I wear 2 hats.
As a drama teacher/coach and a mind-body therapist, I immediately know if someone is breathing in a good way.
I see it, I hear it. I know.
I notice every tiny gasp, every shortness of air.
I have a pretty good idea of how people are feeling just by listening to how they breathe.

– The way you breathe is the way you live. –

I know this because I experienced it intimately.
For over 20 years I suffered from debilitating asthma attacks.

In my 30s I had an attack that nearly cost me my life.
That morning I woke to the cries of my 6 month-old baby girl.
I tried to get out of bed but couldn’t because I was gripped by the worst attack of my life.
I could barely breathe.
I could barely move.
I couldn’t talk.
I had my inhaler and cortisone tablets by my bed but nothing helped.
I tried to stay focused but it’s hard when you feel your life force is being sucked out of you.
I managed to grab my phone -thank goodness for cordless phones -and called my husband at work.
He recognised our number on the screen and when he understood I couldn’t talk, he called for an ambulance and contacted the janitor of our building to take care of our baby.

Before I knew it, I was rushed off to the hospital and stayed in intensive care for 3 days.
3 days of struggling for my next breath.
Of massive doses of cortisone being injected into my body.
Of feeling my heart race: 200 + bpm.
Hearing the ever-beeping-monitors checking my vital signs.
3 long days and nights of feeling both “here” and “there”.
It was touch and go.

I kept thinking of my beautiful baby’s smile, her giggles and her way of singing.
My Anna, my grace.
The thought of her brought me back to life.

After 12 days in the hospital, I was allowed to go back home.
The doctors all said I was lucky to be alive.

As a drama teacher, I was teaching my students about breathing but I was suffering from my poor quality breathing in my personal life.
I felt like a fraud; I felt a sense of shame.

My asthma was calling me, in a big way, to take urgent care of myself.
Unfortunately, I didn’t listen right away.
The message escaped me.
Instead, I reveled in the attention I got as an “asthma sufferer”.
People were kind…for a while.
It wasn’t until several years later when my whole life was stifling me, that I took action and healed myself.

I started to meditate and became curious about my breath.
I didn’t try to change it; I just observed it.
Soon I noticed a significant difference in my capacity to breathe at the beginning and the end of the meditation.

I felt encouraged and my breath and I became friends.
We became BFF.
We had each other.
We mirrored each other.
If I was feeling emotional, he’d get a little tight.
If I felt joyful, he’d be expansive.
Don’t ask me why my breath is masculine. I don’t know. LOL

I also became fascinated by the space between the in-breath and the out-breath.
The pause.
How did my body know when to take the next breath?
I noticed that I trusted that it knew.
That the next breath would come.
I was alright.
I discovered that breathing and trust worked together, in harmony- if I let them.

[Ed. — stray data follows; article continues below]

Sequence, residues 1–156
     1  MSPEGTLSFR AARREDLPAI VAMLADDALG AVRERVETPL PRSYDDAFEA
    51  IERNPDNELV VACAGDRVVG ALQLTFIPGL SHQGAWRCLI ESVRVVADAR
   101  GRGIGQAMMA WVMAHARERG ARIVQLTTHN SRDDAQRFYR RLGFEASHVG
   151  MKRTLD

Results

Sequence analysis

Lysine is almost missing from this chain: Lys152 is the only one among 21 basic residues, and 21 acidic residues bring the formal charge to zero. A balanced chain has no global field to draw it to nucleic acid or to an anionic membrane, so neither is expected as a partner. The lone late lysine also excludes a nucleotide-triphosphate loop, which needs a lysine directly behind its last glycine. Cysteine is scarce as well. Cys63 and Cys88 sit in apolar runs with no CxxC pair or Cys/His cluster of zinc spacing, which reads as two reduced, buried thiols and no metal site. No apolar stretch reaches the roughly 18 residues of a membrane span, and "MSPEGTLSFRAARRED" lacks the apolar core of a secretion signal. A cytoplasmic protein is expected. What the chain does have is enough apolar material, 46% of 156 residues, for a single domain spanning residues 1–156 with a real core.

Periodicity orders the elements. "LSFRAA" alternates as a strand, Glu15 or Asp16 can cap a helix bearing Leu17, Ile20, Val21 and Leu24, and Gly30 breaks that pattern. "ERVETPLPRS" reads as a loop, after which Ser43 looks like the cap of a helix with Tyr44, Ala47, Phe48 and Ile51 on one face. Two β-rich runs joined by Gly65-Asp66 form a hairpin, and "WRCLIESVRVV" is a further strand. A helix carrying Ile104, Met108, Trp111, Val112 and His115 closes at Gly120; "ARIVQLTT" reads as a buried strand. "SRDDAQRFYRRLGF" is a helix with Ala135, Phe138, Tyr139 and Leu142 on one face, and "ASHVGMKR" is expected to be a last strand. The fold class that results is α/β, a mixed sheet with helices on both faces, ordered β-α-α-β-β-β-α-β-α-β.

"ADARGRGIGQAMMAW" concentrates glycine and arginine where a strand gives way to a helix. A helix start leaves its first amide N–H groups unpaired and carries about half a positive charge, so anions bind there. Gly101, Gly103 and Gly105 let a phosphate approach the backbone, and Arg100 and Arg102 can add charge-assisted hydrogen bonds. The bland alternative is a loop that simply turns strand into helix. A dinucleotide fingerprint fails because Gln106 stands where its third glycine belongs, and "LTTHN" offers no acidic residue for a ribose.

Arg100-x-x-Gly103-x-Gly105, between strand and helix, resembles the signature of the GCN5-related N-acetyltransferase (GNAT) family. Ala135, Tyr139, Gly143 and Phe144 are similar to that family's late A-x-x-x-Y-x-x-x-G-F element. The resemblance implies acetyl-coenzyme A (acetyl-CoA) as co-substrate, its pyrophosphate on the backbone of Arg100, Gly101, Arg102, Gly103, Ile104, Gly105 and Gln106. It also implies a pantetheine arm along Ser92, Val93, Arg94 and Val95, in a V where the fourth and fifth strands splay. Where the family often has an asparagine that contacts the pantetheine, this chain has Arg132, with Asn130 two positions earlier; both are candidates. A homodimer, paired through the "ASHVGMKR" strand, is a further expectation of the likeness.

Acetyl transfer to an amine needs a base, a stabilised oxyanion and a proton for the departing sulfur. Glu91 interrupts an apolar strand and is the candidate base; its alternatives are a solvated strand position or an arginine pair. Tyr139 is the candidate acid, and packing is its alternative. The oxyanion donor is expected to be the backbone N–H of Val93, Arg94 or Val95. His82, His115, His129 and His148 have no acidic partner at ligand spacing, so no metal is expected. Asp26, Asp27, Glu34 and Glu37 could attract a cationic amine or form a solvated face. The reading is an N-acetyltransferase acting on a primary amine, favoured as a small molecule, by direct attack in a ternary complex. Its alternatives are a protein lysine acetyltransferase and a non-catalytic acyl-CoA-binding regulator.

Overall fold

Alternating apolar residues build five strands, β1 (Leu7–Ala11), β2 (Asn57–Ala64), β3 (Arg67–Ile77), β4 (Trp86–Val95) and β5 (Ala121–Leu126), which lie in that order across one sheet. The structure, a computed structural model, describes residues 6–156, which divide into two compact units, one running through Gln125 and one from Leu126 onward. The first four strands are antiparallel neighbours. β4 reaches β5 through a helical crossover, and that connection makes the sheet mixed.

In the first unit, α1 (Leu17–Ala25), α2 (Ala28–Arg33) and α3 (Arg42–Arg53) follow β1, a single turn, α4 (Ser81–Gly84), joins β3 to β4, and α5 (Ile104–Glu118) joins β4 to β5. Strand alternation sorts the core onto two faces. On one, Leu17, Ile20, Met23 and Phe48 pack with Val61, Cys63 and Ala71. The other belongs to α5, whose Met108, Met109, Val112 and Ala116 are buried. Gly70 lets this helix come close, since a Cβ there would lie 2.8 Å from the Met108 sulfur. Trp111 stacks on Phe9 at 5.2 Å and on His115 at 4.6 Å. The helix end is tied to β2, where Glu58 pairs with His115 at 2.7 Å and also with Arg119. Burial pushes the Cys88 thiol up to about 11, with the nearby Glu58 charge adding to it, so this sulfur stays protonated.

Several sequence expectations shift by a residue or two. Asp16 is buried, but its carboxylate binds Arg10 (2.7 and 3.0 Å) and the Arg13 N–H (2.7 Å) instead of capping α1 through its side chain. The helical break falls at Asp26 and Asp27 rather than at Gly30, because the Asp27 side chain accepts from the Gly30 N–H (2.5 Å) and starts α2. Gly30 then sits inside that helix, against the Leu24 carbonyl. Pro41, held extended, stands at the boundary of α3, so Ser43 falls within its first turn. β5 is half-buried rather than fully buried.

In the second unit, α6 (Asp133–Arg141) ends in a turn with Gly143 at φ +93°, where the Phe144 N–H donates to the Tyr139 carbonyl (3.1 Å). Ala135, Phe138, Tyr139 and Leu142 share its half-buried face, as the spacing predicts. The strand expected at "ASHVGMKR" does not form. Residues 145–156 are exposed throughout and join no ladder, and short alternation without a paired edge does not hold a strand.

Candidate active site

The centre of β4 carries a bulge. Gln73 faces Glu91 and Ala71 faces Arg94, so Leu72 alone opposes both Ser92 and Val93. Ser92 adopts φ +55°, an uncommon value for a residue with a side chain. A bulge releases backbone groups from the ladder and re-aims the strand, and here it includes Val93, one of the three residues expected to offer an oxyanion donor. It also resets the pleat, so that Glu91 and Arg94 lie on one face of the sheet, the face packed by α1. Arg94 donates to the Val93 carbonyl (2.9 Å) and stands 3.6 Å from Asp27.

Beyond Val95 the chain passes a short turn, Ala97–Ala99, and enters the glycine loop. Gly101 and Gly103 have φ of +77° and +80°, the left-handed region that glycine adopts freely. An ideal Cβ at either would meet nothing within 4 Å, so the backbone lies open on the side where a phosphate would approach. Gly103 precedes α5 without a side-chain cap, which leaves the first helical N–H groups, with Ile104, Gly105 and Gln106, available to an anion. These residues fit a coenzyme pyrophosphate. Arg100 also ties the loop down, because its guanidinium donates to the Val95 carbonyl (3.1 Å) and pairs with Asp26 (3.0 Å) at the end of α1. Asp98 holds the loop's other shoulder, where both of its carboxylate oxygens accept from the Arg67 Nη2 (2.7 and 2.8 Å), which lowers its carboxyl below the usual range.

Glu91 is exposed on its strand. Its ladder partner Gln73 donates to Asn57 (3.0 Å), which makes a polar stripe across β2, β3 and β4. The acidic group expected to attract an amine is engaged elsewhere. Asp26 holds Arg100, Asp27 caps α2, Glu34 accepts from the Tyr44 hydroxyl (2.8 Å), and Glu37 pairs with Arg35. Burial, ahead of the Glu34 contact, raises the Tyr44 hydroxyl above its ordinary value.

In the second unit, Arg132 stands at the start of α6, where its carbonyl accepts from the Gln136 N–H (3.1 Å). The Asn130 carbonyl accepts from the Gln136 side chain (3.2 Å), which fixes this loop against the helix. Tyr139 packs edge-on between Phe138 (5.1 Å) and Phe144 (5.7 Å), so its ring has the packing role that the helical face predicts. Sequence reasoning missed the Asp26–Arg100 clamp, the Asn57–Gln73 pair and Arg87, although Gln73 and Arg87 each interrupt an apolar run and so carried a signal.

Every morning for 20 min, I did my “breath meditation’ and my constant worrying dissipated.
I release the chains of constant strife just by breathing.
Yes, just by breathing.
By becoming conscious of my breathing.
Breathing began to feel really good.
It became a source of pleasure.

I started to re-inhabit my body.
To trust my intuition.
I felt a deep sense of connection to everyone and to the natural world: animals and plants.
I heightened my sense of proprioception: the sense of my body moving through space.

I became fascinated by the space between 2 thoughts just like I was by the space between the inner and outer breath.
I discovered a sense of inner space that gradually felt as vast as the ocean.

If ever fear or anxiety showed up, I would sit with them.
Feel the discomfort but always trust that my next breath would come and with it, my freedom.
My inner freedom became my outer freedom.
My life changed as I listened to my inner guidance.
I undid 30 years of worrying.
The whole transformative process took a few years.

I have not had any asthma symptoms in the last 10 years.
I don’t even have an inhaler anymore. (This is NOT my doctor’s recommendation and I am not giving you medical advice, just relating my own story)

I no longer talk about myself as an “asthma sufferer”.

I breathe freely, fully, just like I live. Deeply, fully.
I love to breathe!
I love life and life loves me.

For me, breathing is an elixir of life.
A happy and creative life.

In September 2014, I woke up with what can only be called “an inspiration”.
The breath of the Divine whispered to me.
“Walk a Camino, become a sophrologist”(mind-body practitioner).

I followed my inspiration.
It led me to a path of LOVE.
Self-love. Energy. Audacity.
Letting go and living large.

I see, I feel the aliveness in people and places.
I feel blown away by the beauty around me.
Sometimes the feeling is so strong that I feel my heart is going to explode.

I am now preparing for my new Camino.
My 4th Camino.
3 months of walking from Le Puy en Velay (France) to Lisbon.
2200 km.
I can’t wait.
I feel so very grateful to be alive and well.

Belly Breath video by Kate Forrester

#sophrology, #breathing, #bellybreathing , #wellness #freedom #selflove, #selfcare #dynamicrelaxation #stressmanagement

This blog post was written by TSN member, Sophrologist and drama teacher Kate Forrester

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